Right now, a Democracy Now! exclusive.
Eugene Angelopoulos is a Professor at the National Technical University of Athens. New York University invited him to speak at a conference on Philosophy and Politics last week.
But when Professor Angelopoulos arrived at John F. Kennedy airport, he was detained, shackled, and asked if he is anti-American and whether he opposes the war against Iraq.
This is the first time his story is being told. I spoke with him late last week.
- Eugene Angelopoulos, Professor, National Technical University of Athens.
Professor Angelopoulos agreed to the FBI’s request for a second interview on condition it be held on what he considered neutral ground, at New York University. When he returned to his hotel after leaving the Democracy Now! studios, he found a phone message from the FBI asking him to instead come to the New York Field Office so that they could have an “uninterrupted conversation.” He respectfully declined their request.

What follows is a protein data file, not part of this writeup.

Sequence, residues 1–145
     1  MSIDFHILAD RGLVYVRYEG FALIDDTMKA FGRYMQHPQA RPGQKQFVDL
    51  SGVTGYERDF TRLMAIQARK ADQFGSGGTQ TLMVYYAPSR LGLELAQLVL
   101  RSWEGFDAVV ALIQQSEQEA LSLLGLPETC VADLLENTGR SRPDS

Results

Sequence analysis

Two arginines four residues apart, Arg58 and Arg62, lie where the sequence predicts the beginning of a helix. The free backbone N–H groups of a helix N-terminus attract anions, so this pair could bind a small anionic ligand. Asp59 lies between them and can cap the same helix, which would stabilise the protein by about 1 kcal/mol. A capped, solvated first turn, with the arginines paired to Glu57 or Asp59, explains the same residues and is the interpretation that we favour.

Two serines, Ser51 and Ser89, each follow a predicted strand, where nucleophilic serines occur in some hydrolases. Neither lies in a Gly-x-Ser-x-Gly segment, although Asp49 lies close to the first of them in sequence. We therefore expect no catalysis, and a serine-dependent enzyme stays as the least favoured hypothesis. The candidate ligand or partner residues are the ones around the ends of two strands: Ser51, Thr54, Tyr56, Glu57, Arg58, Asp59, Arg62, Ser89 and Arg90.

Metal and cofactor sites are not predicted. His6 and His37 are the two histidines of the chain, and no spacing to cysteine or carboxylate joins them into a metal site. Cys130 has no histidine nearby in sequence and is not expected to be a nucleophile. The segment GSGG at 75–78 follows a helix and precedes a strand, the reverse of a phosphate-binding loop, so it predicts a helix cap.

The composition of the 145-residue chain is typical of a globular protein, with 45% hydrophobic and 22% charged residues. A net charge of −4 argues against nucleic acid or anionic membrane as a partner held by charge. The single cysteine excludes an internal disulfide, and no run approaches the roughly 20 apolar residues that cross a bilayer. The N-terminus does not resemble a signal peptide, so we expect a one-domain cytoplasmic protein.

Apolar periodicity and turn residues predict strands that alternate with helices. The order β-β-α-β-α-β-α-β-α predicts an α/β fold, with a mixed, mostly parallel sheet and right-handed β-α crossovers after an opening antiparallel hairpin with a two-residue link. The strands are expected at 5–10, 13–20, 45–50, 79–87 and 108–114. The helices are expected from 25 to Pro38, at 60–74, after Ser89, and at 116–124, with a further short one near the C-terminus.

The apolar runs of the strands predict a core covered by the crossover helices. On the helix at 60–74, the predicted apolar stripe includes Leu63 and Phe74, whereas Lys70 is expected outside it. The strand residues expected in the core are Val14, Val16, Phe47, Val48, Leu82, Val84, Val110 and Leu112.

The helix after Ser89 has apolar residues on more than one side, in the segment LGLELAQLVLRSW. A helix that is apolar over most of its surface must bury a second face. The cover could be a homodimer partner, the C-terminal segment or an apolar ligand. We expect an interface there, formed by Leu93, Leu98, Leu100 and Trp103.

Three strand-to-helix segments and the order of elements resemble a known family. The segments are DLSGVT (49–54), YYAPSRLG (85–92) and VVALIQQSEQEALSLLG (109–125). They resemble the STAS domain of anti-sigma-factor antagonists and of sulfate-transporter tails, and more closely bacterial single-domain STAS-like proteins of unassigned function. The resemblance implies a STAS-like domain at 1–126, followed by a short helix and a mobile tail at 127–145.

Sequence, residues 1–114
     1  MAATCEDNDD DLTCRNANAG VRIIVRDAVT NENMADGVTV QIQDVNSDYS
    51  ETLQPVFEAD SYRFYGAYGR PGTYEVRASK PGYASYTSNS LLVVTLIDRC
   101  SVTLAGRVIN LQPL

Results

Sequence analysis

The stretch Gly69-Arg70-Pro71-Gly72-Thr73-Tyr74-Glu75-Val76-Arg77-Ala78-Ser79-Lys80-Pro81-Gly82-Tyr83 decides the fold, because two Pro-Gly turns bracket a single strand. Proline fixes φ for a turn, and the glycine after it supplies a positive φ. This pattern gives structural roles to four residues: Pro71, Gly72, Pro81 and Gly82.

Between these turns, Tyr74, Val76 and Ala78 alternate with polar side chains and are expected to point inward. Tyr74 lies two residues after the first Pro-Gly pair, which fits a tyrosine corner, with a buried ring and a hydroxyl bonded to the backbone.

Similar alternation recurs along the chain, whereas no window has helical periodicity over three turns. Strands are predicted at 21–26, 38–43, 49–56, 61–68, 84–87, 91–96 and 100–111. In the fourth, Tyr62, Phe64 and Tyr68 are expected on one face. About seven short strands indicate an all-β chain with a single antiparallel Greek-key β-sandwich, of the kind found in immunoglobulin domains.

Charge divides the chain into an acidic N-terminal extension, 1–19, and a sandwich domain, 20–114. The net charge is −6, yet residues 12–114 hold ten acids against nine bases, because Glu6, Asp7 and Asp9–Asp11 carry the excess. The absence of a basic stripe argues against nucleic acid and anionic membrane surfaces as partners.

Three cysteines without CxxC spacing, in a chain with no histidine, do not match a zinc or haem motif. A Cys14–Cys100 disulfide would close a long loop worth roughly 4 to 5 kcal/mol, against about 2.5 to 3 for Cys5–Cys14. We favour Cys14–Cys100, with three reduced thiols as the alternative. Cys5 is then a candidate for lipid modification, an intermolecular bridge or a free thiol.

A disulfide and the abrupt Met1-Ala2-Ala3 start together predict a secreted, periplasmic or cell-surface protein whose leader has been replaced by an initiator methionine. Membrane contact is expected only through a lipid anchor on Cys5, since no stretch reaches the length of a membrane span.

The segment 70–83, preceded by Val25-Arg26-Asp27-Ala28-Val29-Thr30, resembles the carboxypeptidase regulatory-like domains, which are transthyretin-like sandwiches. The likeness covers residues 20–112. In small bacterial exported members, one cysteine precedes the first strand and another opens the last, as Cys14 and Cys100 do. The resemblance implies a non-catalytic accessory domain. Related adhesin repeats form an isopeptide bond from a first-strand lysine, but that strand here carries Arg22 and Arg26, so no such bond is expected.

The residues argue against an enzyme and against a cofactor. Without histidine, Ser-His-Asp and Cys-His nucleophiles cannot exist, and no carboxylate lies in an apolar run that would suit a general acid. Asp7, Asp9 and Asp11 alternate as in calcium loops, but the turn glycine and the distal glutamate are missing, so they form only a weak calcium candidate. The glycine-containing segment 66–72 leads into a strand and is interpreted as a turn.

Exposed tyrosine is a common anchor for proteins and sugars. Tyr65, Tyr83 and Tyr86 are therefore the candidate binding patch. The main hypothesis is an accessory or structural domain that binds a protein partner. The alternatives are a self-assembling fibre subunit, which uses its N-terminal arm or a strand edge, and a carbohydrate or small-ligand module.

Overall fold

I spoke with him a little later outside the Greek Consulate on Manhattan’s Upper East Side. He was on his way to the airport where he would take the last flight out of New York before the blizzard.
- Eugene Angelopoulos, Professor, National Technical University of Athens, speaking outside the Greek Consulate.
Professor Angelopoulos addressed the Philosophy as Politics conference at NYU on Feb. 15. He opened his address with these remarks:
“Many centuries have gone by from the time when Athens was the leading democracy of the world. Being the cradle of democracy and philosophy did not prevent Athens to declare war and slaughter the citizens of Milos for the declared reasons, 'If you are not with us, you are against us and we must make an example,' as reported by Thucydides–an Athenian man.
“Today US troops are preparing to invade Iraq while lots of US citizens demonstrate their opposition to war. Today the leading democracy of the world is the United States. Contradiction is inherent to democracy and every time, one term of the contradiction prevails. I don’t know if this is a fight between good and evil: this is for this assembly of philosophers to debate. But it is good for the world to know that America has many choices and voices, and not only the one of her president. Hope is not dead, and I am sure this conference will help keep hope alive.”
Professor Angelopoulos caught the last flight out on Sunday night, just before the snowstorm shut down Kennedy airport. He is spending a week in Paris, France, where he hopes to find a little peace.